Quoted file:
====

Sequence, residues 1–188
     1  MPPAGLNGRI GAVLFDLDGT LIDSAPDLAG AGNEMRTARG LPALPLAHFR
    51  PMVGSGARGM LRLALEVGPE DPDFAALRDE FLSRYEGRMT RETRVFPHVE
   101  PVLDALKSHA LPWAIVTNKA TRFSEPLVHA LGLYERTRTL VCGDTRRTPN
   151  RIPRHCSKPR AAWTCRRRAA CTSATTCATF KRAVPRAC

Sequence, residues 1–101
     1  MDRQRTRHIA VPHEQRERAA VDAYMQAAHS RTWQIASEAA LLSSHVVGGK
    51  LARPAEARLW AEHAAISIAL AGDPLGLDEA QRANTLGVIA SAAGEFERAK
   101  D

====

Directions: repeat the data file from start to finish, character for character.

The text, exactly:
Sequence, residues 1–188
     1  MPPAGLNGRI GAVLFDLDGT LIDSAPDLAG AGNEMRTARG LPALPLAHFR
    51  PMVGSGARGM LRLALEVGPE DPDFAALRDE FLSRYEGRMT RETRVFPHVE
   101  PVLDALKSHA LPWAIVTNKA TRFSEPLVHA LGLYERTRTL VCGDTRRTPN
   151  RIPRHCSKPR AAWTCRRRAA CTSATTCATF KRAVPRAC

Sequence, residues 1–101
     1  MDRQRTRHIA VPHEQRERAA VDAYMQAAHS RTWQIASEAA LLSSHVVGGK
    51  LARPAEARLW AEHAAISIAL AGDPLGLDEA QRANTLGVIA SAAGEFERAK
   101  D